Capital Hill

Democrats Push Small-Business Loans, But Do Firms Want Them?
By David Hogberg   
Wed., May 19, 2010 2:09 PM ET

The House Financial Services Committee will vote today on a bill to create a $30 billion “Small Business Lending Fund Program.” Introduced by Chairman Barney Frank, D-Mass., it would let the Treasury give capital to smaller banks ostensibly for the purpose of providing credit to small businesses. President Obama floated a similar idea in February, using $30 billion in TARP funds. Frank is not using TARP funds in his bill and has not yet stated where the money will come from.

Obtaining loans and lines of credit from banks can be crucial for small businesses’ survival and growth. Small firms can’t tap capital markets, and the community banks they rely on are still reeling from commercial real estate losses and other bad debt.

But would this bill really help? At Tuesday’s hearing on the bill, some witnesses cited a Congressional Oversight Panel report as evidence that the bill would help small businesses (specifically, see the testimony of Christian Johansson, Jim Determan and Dan Mica.)

But it appears that those witnesses only paid attention to the executive summary. Page 5 isn’t exactly an endorsement of a Small Business Lending Fund:

The program would require legislative approval, and even if it is established by Congress immediately, it may not be fully operational for some time. It could arrive too late to contribute meaningfully to economic recovery. Moreover, banks may shun the program for fear of being stigmatized by its association with the TARP, or they may wish to avoid taking on SBLF liabilities at a time when their existing assets, such as commercial real estate, remain in jeopardy. The SBLF also raises questions about whether, in light of the (Capital Purchase Program’s) poor performance in improving credit access, any capital infusion program can successfully jump-start small business lending.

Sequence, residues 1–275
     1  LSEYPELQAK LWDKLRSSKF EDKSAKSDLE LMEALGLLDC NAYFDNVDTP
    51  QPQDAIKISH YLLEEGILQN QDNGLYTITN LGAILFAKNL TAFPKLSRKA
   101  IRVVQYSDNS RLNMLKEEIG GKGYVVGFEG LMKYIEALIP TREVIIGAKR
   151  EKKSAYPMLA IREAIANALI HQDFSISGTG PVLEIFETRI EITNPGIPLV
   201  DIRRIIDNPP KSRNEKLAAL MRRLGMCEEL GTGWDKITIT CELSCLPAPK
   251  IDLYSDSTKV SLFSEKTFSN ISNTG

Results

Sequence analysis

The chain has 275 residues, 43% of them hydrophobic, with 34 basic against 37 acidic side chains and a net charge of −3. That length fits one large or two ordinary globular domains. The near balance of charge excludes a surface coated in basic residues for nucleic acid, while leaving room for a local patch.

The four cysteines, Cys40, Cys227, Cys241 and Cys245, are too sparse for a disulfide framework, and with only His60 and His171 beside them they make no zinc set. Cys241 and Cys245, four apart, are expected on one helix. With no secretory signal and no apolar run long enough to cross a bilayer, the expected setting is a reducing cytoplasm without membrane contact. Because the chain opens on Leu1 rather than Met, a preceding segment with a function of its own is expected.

More fundamentally, the lack of small-business loans may reflect weak demand rather than tight credit. The panel’s report noted that small-business demand for loans continues to fall, with a net 9.3% of banks reporting a decline in the latest Federal Reserve senior loan survey. Meanwhile, the National Federation of Independent Business has consistently stressed that its members are more worried about sales than access to credit.

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AlyceKIM  - respond   |08-18-2011 06:22:48
Don't you acknowledge that this is correct time to get the mortgage loans, which
will make you dreams real.
MarthaGonzalez  - Democrats Push Small-Business Loans, But Do Firms   |02-11-2011 03:25:04
Obama said the incentives will help small businesses right away.Obama said
small businesses are "the anchors of our Main
Streets," creating most of the
jobs in the
Thanks, Martha, Job Search Expert from link:
MarthaGonzalez  - loans to small businesses   |01-25-2011 05:47:42
Obama said the incentives will help small businesses right away.Obama said small
businesses are "the anchors of our Main Streets," creating most of the
jobs in the country.
Thanks, Martha, Job Search Expert from resignation letter
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